As a director, Snyder has never been one for subtlety. His excellent Man of Steel was filled with Jesus Christ parallels, and 300 was coated in CGI glamour. He continues this theme in his new film, Army of the Dead, which is full of blatant symbolism, themes and elbow-jabs. The movie is the director’s first foray in working with streaming giant Netflix, who gave him a sizeable budget to make the zombie movie of his dreams. And, in fairness, Snyder has done an incredible job in hand-crafting a unique world throughout its two-plus hour’s runtime.
After a short backstory and an egregious opening credits crawl (which is, essentially, exactly the same as the one Snyder used in Watchmen), viewers are introduced to the state of Las Vegas.
The City of Sin has been overrun by the undead after an experimental government zombie started wreaking havoc, causing it to be blocked off from humanity.
Enter Bly Tanaka (Hiroyuki Sanada), a shady businessman whose $200 million is trapped in a vault in his Las Vegas casino.
Scott Ward (Dave Bautista) quickly becomes the man Tanaka wants to get his money back and gathers a team of unique and memorable misfits to get the cash from the land of the dead.
To make matters worse for the heroes, the US government is firing a nuclear missile at Las Vegas to rid the world of the zombie scourge on the same day.
While the premise, setup and early scenes of the zombie-come-heist movie are extremely promising, the narrative – unfortunately – goes downhill very quickly.
Snyder does an incredible job at giving real meaning and heart to every character in the movie.
In particular, he spends a lot of time on Scott (Bautista).
His complicated and tragedy-filled past is truly compelling and the introduction of his estranged daughter Kate Ward (the incredible Ella Purnell) makes things even more interesting.
Scott would be nothing without Bautista’s incredible performance, however.
Although he is best known for appearing as Drax the Destroyer in the Marvel series, viewers would have seen a glimpse of his acting range in the likes of Blade Runner 2049 and Stuber.
Army of the Dead shows Bautista giving some of his best performances yet.
What’s more, his on-screen chemistry with fellow merc Maria Cruz (Ana de la Reguera) is proof enough that he has what it takes to hold a real drama-focussed movie. Just give it to him, already!
Snyder’s attention to detail on every character is exceptional, however, this does extend into the bad guys of the movie. The zombies.
Yes, throughout the film it becomes clear that these undead creatures are not exactly what they seem, and Snyder really leans into the Frankenstein’s Monster style of storytelling.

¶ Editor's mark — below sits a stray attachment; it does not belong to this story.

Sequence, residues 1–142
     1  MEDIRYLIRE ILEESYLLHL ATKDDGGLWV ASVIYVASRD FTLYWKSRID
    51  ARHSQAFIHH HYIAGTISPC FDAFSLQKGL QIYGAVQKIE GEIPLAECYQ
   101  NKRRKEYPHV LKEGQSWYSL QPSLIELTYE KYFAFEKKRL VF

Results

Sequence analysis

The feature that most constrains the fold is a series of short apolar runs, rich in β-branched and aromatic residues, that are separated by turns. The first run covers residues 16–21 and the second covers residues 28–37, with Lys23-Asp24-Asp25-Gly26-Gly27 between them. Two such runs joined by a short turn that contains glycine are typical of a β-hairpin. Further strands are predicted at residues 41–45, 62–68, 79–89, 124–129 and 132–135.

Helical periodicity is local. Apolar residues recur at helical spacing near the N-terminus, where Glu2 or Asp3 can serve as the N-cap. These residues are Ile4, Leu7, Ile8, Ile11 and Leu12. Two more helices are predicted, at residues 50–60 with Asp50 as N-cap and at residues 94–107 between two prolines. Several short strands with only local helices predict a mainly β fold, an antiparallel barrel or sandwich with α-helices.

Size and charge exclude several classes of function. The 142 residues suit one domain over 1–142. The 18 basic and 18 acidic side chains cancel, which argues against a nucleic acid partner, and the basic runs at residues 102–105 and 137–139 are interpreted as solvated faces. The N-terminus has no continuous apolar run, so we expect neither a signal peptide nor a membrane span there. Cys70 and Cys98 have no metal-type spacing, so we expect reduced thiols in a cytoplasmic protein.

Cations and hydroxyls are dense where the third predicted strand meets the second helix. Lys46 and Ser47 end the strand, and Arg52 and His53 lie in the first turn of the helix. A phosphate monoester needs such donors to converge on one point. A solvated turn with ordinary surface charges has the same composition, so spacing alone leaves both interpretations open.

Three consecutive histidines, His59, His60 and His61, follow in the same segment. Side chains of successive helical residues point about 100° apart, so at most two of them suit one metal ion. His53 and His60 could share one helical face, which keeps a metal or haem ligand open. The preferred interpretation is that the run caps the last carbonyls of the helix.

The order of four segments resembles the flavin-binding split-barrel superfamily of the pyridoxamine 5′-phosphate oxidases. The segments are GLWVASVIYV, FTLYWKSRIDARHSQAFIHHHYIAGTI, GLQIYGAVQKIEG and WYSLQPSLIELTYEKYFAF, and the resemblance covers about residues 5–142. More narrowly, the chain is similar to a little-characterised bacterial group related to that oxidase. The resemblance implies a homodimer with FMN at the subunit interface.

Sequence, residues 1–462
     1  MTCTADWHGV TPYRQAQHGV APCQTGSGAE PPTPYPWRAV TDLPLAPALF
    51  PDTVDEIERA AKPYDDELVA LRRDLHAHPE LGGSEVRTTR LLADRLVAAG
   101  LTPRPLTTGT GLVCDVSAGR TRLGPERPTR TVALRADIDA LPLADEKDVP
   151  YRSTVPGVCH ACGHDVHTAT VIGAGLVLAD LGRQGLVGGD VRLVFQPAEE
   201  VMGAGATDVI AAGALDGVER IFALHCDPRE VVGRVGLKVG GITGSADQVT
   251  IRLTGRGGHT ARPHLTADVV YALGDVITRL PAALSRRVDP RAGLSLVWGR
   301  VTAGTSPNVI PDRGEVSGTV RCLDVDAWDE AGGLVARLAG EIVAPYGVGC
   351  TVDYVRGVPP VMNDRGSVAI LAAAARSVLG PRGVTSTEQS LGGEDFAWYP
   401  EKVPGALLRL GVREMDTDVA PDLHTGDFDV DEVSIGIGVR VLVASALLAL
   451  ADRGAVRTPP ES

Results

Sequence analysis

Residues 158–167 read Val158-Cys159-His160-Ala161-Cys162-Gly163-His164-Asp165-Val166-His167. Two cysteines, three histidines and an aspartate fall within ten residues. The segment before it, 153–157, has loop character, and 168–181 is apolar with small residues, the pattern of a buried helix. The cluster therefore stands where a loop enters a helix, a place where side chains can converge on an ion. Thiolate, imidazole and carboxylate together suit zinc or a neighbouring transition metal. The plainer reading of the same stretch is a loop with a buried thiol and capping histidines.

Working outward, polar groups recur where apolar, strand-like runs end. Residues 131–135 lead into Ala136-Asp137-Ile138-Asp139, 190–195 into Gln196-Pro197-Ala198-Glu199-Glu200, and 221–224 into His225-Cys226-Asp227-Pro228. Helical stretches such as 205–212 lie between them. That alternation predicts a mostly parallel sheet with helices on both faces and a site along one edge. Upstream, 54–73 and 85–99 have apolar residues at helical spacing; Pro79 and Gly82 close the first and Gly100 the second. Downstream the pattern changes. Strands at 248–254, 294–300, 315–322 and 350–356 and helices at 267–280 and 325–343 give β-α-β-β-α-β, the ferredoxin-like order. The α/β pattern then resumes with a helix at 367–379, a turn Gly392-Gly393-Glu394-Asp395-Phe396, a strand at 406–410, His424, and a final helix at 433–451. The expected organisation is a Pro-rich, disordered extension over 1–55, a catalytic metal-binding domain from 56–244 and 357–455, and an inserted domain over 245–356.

While this is unexpected at first, it mostly feels unnecessary and completely ridiculous by the end of the movie. Stick to the breathing actors, Snyder.
Despite this vein of disappointment that runs through the movie, there is a lot to love about Army of the Dead.
First and foremost, the action set pieces and fight scenes are thrilling.
From close-up fist-fights with a ravenous flesh-eating zombie to all-out war with endless swarms of undead, Army of the Dead is edge of your seat viewing.
Also – like with any Snyder movie – the film is stunning.
The director’s cinematography is second-to-none, and that theme continues in Army of the Dead. Glorious Nevada landscapes paint beautiful pictures filled with explosions, guns, and turmoil.
Interestingly enough, between the action sequences Snyder exclusively used foreground-focussed close-ups on every actor. This look creates a really intimate feel throughout the film that is hard to miss, but really beautiful to watch. It’s glorious.
Also, the final moments of the film include some of the most impeccably shot sequences I have seen in a very long time. Snyder may not have the best writing ability, but his directing is almost unbeatable.
Army of the Dead is at its best when Dave Bautista is killing zombies and crying about his loved ones, but unfortunately, it isn’t all good. Zack Snyder has created a gorgeous film full of heart and sensational action sequences, however, its plot is supremely absurd – even for a zombie movie. The highs Snyder reaches in his cinematography and choreography don’t quite solve the problems he creates within his narrative. Still, Netflix viewers can do a lot worse.
Army of the Dead is due for release on Netflix from May 21, 2021.